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Mycena epipterygia
M. epipterygia var. viscosa on a natural field site. Photo by Arne Aronsen.

The genome of Mycena epipterygia was sequenced as part of the Mycenaceae sequencing project and the overarching JGI 1000 Fungal Genomes project “Deep Sequencing of Ecologically-relevant Dikarya“ (CSP 1974).This project will examine members of the Mycena genus with respect to evaluating the genomic basis of their different nutritional modes.

The yellowleg bonnet, Mycena epipterygia

 
M. epipterygia is a member of the Hygrocyboidea section of the Mycena family (Maas Geesteranus 1988). The collection for the sequenced culture was collected in Norway (Eidene, Tjøme) the 22nd of October 2015 on coniferous litter. This species is easily recognisable due to its yellow stipe and often glutinous pileus and stipe, and it has been reported from all over Europe, North America, Northern Asia and Australia (Smith 1936, Maas Geesteranus 1988, Robich 2016, Aronsen & Læssøe 2016)1. It has many morphological varieties and likely comprises several different species (Perry and Desjardin 2016). Our collection is the variety viscosa, which is considered a separate species by some (Maire 1910).

Pileus is 5-25 mm across, parabolical or conical to campanulate, flattening with age, shallowly sulcate, translucent-striate, at first pruinose, then viscid, covered with a completely separable, tough, gelatinous pellicle, with a yellow-olive or greenish, rarely brownish colouration, with the margin somewhat paler. Odour indistinctive, faintly fragrant to farinaceous or disagreeable and rancid when cut. Lamellae 17-23 reaching the stipe, ascending, narrowly to broadly adnate, decurrent with a tooth, smooth to somewhat ribbed, at first whitish to very pale citrine, turning very pale grayish, sometimes pinkish and/or with reddish brown spots, the edge gelatinized, separable as a tough, elastic thread, concolorous. Stipe 45-80 x 1-2 mm, hollow, somewhat elastic to fragile, equal, straight to curved, smooth, viscid, citrine or greenish yellow, pale grayish or whitish, the base covered with long, coarse, white fibrils.2

M. epipterygia is frequently found on almost all types of palatable substrates (deciduous/coniferous wood, debris and litter, moss and grassland) in its growing season from summer to autumn. It is known to be a quantitavely important degrader of litter with a high degree of enzymatic adaptability (Boberg et al. 2008). We expect the genomic architecture of such a highly adaptable generalist species to reveal a large set of genes related to degradation of a broad range of substrates, and it will be interesting in comparison to the other Mycenas that are specialised to fewer types of substrates.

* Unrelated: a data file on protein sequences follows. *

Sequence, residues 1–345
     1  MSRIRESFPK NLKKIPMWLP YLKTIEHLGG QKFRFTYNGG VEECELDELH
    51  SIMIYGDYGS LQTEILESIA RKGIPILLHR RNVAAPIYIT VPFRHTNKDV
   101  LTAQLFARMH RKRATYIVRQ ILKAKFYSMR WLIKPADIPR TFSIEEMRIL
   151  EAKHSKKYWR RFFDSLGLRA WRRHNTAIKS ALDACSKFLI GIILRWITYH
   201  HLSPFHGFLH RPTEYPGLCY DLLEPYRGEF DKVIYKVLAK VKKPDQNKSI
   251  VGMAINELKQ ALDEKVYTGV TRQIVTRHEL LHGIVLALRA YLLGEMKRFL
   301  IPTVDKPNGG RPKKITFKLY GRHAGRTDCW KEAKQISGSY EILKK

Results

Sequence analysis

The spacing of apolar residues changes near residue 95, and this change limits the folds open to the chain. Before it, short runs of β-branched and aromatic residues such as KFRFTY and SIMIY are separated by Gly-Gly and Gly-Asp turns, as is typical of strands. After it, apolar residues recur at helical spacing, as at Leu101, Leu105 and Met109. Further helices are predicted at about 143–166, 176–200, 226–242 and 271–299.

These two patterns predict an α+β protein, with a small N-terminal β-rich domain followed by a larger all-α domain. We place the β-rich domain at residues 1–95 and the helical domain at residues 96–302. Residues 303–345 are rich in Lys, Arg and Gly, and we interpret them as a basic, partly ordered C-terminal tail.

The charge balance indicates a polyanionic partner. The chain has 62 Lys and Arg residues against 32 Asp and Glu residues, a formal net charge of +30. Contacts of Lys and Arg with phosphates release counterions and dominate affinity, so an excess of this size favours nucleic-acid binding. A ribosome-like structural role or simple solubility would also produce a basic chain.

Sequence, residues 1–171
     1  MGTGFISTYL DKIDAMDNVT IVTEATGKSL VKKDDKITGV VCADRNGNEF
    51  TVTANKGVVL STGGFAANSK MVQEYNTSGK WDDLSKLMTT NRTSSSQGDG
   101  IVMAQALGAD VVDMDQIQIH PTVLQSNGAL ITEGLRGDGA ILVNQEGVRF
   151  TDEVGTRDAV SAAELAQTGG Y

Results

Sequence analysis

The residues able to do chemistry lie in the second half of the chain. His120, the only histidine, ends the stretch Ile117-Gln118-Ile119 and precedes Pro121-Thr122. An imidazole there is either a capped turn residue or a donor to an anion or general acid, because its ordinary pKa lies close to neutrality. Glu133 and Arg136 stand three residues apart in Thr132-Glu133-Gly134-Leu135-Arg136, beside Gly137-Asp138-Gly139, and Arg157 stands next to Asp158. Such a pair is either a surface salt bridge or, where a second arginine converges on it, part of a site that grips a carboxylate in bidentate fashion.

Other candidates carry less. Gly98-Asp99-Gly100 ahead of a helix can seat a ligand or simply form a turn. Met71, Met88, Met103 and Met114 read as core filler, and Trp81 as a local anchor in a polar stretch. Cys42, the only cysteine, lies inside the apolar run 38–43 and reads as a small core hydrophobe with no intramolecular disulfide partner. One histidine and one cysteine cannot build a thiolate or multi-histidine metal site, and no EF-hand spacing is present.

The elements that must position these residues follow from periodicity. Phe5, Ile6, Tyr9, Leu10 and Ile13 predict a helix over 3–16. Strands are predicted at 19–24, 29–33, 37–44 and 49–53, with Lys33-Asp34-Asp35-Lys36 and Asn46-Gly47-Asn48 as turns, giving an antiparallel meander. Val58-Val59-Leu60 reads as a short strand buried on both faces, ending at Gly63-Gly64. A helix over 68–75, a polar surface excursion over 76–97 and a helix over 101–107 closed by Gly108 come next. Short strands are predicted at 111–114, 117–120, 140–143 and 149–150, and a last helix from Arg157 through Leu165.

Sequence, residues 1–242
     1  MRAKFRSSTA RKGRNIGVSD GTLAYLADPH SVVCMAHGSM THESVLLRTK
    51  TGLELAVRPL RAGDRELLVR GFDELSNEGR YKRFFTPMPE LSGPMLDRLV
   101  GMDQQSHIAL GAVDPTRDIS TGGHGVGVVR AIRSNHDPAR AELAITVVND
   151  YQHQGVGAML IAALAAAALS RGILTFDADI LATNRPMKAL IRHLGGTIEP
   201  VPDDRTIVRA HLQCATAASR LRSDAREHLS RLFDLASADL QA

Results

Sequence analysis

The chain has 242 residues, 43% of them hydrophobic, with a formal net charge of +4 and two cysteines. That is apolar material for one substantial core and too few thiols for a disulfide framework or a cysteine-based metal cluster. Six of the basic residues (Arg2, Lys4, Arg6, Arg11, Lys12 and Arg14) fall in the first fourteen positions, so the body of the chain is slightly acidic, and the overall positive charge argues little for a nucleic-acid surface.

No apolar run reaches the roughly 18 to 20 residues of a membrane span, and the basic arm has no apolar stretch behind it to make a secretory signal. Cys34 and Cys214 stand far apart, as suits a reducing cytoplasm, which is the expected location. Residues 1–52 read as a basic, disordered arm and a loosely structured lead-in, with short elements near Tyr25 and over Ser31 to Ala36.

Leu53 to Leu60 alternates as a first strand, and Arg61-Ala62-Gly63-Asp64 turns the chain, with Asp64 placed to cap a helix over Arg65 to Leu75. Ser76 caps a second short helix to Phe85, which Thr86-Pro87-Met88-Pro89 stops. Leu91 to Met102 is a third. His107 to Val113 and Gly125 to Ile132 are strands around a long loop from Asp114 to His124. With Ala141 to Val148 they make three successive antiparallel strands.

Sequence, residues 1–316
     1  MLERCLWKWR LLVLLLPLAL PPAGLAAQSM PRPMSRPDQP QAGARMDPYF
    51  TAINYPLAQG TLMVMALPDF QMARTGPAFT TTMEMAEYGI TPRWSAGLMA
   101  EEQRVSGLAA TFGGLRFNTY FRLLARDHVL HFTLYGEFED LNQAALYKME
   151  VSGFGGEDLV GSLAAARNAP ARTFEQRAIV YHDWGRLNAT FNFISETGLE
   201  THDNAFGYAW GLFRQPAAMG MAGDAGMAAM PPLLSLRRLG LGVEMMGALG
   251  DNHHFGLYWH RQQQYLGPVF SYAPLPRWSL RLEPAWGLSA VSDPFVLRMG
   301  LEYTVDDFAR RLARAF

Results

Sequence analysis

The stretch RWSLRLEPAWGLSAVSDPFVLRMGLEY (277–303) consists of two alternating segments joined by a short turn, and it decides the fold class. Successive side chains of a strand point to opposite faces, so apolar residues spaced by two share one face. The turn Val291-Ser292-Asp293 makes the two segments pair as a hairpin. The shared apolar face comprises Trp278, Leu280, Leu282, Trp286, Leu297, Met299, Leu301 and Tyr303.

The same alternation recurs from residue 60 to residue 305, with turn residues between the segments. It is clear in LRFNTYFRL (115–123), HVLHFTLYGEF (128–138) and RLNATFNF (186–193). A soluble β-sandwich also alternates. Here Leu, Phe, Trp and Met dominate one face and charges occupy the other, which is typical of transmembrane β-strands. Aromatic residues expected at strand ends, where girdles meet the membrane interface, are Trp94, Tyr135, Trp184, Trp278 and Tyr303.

This genome was derived from monokaryotic (haploid) pure culture on MEA agar with ampicilin and benomyl and should be free of xenobiotic contaminations. Researchers who wish to use data from unpublished Mycena genomes for publication are respectfully required to contact the PI and JGI to avoid potential conflicts on data use and coordinate other publications with the Mycena master paper(s).
 
References

Aronsen, A.; Læssøe, T.: The genus Mycena s.l. in The Fungi of Northern Europe, vol. 5. Copenhagen, 373 p (2016).

Boberg J, Finlay RD, Stenlid J, Näsholm T, Lindahl BD. 2008. Glucose and ammonium additions affect needle decomposition and carbon allocation by the litter degrading fungus Mycena epipterygia. Soil Biol Biochem 40, 995-999. 

Maas Geesteranus, R. A. (1988): Conspectus of the Mycenas of the Northern Hemisphere. Proc. Kon. Ned. Akad. v. Wetensch. (Ser. C).

Maire, R. 1910. Les bases de la classification dans le genre Russula. Bulletin de la Société Mycologique de France. 26:49-125

Perry, B.A.; Desjardin, D.E. 2016. New species of Mycena (Basidiomycota, Agaricales) from California. Phytotaxa. 269(1):33-40

Robich, G: Mycena d'Europa vol. 2. Centro Studi Micologici. A.M.B, Trento, p. 733-1528 (2016)

Smith, Alexander H. "Studies in the Genus Mycena. III." Mycologia 28.5 (1936): 410-430.

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1 https://www.gbif.org/species/2527146
2 http://www.mycena.no/epipterygia.htm